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This question already has an answer here:

What does mean when mathematicians say infinity comes in different sizes ?

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marked as duplicate by Asaf Karagila elementary-set-theory Aug 26 '18 at 8:58

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Here we mean that two sets are the same size of infinite if there exists a one-to-one and onto transformation from one set to the other.

For example: There are an equal number of integers even integers by the transformation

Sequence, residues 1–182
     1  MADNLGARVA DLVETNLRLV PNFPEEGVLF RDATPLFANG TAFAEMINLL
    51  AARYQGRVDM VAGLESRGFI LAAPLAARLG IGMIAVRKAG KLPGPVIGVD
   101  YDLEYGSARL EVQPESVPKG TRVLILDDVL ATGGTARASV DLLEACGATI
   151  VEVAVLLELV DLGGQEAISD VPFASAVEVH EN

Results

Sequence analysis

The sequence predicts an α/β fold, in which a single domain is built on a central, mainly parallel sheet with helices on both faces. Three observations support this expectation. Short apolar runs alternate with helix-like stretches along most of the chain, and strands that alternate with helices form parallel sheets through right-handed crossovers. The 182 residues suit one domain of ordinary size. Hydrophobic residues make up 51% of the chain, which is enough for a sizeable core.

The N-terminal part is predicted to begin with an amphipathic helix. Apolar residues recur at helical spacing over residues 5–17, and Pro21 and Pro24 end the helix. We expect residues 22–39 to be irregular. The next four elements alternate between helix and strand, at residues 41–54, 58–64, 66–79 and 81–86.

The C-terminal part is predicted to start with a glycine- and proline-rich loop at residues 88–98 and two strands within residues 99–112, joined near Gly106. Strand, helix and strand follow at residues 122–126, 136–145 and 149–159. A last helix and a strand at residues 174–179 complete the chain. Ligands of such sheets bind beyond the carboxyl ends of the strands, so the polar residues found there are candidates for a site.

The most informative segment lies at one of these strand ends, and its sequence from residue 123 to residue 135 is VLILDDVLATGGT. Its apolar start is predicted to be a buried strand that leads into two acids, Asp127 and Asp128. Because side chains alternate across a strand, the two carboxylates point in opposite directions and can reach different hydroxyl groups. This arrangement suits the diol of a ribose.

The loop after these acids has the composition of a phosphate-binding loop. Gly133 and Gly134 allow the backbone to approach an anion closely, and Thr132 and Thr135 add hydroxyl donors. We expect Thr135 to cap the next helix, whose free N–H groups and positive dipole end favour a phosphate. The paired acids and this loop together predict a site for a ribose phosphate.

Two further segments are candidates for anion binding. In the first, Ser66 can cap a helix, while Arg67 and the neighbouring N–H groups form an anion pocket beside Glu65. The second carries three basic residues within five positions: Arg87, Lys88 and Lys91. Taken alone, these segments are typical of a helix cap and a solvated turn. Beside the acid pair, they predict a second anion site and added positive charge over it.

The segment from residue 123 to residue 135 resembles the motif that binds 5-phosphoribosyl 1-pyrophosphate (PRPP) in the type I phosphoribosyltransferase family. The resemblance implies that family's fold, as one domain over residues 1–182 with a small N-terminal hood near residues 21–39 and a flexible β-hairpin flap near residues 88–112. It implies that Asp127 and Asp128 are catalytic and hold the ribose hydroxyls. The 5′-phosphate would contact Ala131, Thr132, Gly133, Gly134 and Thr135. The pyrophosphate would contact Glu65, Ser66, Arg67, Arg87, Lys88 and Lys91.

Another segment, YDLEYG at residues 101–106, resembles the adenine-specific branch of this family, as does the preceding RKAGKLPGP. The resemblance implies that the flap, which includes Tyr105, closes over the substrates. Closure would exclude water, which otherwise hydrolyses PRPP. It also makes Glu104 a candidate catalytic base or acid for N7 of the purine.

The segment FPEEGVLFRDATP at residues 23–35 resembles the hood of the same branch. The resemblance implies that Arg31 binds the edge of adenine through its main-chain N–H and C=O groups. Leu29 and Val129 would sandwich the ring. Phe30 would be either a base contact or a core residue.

$$ T : \mathbb{Z} \longrightarrow 2\mathbb{Z} $$

Defined by $$ T(a) = 2a \ \ \ \text{ for all}\ \ \ a \in \mathbb{Z}. $$

This is equivalent to saying we can list the items one by one, try this with two finite sets to see how it works. We can also list all rational numbers one by one, give this a try. So there are the same number of rationals as integers.

Now we can't list all reals, meaning there are more reals than integers and rationals.

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